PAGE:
If I were to “connect” with every stranger (because even an introductory message via InMail still makes us strangers,) then it would ruin the integrity of my word as it pertains to my entire LinkedIn connections network, which then benefits no one. Each social network needs to be recognized what it is, and businesses aren’t the only ones guilty of social media faux pas. It’s important that we as individual mind social cues and network verbs to keep the integrity of the sites many of us have grown to rely on intact.

19 Comments »

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19 responses so far ↓

  • 1 Ajit Balgi   July 9, 2013 at 6:33 pm

    Hi Jenny,

    I have a different opinion here. I would not mind connecting to anyone unknown if I see him/her to be from a known circle/industry/allied domains,in today’s hyper-connected world you never know who comes to your rescue, be it for getting a job, finding a vendor, acquiring a new client etc etc. It is at the end of the day leveraging on all kind of contacts to get to the helm.

    As far as endorsements/recommendations/introductions etc are concerned, you certainly have to play it correct as it your name at stake! But otherwise I do not see any harm with Linkedin.

    Cheers!
    Ajit

  • 2 Jenny Sussin   July 9, 2013 at 6:41 pm

    Thanks for your comment Ajit. We are certainly of two schools of thought here. Let’s see if anyone else has an opinion to add!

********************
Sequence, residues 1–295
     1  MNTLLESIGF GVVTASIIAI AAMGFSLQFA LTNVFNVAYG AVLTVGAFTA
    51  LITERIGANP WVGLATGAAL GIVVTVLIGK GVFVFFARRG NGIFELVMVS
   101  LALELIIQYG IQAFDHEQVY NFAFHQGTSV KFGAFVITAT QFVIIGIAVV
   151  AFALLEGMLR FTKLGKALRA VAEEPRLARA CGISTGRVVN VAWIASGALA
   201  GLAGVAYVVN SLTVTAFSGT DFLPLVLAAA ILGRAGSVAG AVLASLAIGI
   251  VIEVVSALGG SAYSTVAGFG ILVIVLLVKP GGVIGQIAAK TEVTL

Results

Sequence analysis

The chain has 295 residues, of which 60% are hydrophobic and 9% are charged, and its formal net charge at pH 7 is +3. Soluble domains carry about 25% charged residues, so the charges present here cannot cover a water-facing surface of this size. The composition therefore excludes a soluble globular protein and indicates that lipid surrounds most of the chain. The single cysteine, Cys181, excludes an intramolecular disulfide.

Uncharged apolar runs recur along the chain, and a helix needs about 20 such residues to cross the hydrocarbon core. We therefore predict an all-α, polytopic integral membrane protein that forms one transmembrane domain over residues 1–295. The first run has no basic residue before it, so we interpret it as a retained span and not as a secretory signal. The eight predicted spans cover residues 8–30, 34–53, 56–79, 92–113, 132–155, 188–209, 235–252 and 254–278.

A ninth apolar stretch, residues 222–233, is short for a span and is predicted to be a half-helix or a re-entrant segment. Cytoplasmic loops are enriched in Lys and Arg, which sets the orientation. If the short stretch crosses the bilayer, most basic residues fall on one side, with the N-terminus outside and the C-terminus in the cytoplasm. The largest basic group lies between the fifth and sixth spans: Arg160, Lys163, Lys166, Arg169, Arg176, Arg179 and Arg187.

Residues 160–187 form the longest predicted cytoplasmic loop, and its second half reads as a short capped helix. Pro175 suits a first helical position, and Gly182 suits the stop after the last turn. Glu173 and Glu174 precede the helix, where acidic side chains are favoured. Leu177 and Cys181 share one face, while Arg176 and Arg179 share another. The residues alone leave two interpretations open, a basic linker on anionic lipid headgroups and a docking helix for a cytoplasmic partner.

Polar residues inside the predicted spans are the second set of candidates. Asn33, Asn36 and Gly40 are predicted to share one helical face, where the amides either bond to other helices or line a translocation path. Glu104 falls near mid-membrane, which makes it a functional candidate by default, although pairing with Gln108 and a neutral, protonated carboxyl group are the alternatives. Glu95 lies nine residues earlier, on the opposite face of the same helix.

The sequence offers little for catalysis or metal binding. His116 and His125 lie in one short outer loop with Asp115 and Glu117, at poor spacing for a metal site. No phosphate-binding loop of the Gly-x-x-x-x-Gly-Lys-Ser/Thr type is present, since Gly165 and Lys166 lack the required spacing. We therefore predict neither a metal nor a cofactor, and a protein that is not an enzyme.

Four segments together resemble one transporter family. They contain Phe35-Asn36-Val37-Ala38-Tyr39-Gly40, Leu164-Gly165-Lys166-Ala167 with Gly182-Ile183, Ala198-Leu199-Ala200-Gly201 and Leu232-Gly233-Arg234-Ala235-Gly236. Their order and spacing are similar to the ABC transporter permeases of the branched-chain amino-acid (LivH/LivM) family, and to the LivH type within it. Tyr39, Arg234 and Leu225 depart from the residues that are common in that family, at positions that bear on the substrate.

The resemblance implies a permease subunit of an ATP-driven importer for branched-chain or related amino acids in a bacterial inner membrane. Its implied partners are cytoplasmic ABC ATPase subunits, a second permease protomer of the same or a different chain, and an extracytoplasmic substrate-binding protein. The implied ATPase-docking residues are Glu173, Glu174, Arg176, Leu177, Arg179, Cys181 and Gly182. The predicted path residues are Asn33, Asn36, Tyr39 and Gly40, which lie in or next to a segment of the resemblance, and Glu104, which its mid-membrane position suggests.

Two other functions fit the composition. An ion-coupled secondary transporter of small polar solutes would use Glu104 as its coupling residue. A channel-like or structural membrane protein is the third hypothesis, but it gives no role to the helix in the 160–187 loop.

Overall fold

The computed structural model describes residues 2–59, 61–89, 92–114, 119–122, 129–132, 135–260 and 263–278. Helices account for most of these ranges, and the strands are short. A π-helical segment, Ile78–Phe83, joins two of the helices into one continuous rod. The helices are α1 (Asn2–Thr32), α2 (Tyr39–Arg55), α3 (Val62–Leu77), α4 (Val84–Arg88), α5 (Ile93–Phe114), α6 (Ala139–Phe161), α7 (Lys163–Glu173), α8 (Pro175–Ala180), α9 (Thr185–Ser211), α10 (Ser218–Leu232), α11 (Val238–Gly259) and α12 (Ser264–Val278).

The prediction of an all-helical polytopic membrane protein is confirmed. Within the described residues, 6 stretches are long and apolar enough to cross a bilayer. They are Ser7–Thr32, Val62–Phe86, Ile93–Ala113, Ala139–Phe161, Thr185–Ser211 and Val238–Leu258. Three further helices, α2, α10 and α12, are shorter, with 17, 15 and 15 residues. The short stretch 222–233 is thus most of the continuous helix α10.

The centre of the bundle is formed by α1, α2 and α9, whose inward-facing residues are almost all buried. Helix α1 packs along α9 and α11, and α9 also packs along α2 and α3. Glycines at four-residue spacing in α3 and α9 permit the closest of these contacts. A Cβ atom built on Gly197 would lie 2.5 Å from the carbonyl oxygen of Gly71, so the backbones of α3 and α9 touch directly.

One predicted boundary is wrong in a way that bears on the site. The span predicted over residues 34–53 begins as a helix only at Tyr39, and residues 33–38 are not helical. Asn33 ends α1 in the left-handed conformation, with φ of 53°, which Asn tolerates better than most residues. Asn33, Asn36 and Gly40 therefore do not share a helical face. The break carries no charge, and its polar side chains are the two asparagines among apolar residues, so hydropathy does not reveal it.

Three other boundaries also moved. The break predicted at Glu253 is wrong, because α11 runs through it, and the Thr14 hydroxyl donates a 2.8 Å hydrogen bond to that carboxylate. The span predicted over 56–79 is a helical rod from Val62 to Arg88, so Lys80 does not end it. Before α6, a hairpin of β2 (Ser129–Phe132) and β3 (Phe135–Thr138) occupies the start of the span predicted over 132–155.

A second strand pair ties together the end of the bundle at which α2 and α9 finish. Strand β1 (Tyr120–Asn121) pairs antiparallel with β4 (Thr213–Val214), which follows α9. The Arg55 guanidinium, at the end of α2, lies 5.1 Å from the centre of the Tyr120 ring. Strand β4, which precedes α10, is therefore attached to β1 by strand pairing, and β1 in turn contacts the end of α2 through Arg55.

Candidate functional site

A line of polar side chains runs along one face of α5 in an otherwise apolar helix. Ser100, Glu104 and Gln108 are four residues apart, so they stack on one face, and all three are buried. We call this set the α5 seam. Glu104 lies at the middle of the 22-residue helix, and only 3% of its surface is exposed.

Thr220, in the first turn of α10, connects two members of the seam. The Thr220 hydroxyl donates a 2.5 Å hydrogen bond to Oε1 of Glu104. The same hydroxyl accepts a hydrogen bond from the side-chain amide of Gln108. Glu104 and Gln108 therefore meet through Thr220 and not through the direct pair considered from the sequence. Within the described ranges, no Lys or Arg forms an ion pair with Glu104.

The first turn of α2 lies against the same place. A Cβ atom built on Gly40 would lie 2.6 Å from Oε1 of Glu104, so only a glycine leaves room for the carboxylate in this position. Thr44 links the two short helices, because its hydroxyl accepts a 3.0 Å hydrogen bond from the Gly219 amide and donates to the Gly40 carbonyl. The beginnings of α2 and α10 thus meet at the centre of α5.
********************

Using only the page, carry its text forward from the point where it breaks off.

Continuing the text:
• 3 Garrett   July 9, 2013 at 8:51 pm

    Thanks for this article, Jenny, it’s a good perspective on the different social networks and LinkedIn’s context and appropriate connections. Interestingly, this article appeared today with a similar take: http://chronicle.com/blogs/onhiring/the-company-we-keep/39871

    I haven’t been so careful yet seldom does anyone ask me for anything on LinkedIn, though a few have tried to sell me stuff. I’m not a big name so no one will quote me.

  • 4 Jenny Sussin   July 9, 2013 at 8:55 pm

    Wow that is coincidental! Thanks for sharing that article, I like it a lot.

    And did you ever see “E! True Hollywood Story” or “Behind the Music?” People can always come back to quote you. I just see mine now…

  • 5 Delaney Turner   July 9, 2013 at 9:03 pm

    Jenny, I’m with you – of all the ways we can connect with friends and colleagues, it’s our LinkedIn network that we need to be the most careful with and strategic about. Not every connection has the same weight or influence. And, as business becomes more about and more driven by personal relationships, the more attention we need to pay to the people we endorse and the connections we create. Our professional credibility really rides on the way we manage our networks. I’ve even heard of your network being referred to as a “portfolio” to be managed like a mutual fund. It’s mercenary, but it’s not far off from where I think the business world and social networking is going.

  • 6 Jenny Sussin   July 9, 2013 at 9:07 pm

    Thanks Delaney. That is a good point and similar to the one made in the article Garrett alluded to above, “The Company We Keep…”

    It’s the whole concept of “guilty by association” or “influential by association.” While I suppose people are after the latter, the former is the one you need to be cognizant of.